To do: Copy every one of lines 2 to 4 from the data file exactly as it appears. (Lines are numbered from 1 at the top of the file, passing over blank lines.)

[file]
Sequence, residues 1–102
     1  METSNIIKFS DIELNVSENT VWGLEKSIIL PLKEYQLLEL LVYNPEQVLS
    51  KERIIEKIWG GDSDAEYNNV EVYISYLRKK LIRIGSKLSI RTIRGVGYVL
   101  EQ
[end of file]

     1  METSNIIKFS DIELNVSENT VWGLEKSIIL PLKEYQLLEL LVYNPEQVLS
    51  KERIIEKIWG GDSDAEYNNV EVYISYLRKK LIRIGSKLSI RTIRGVGYVL
   101  EQ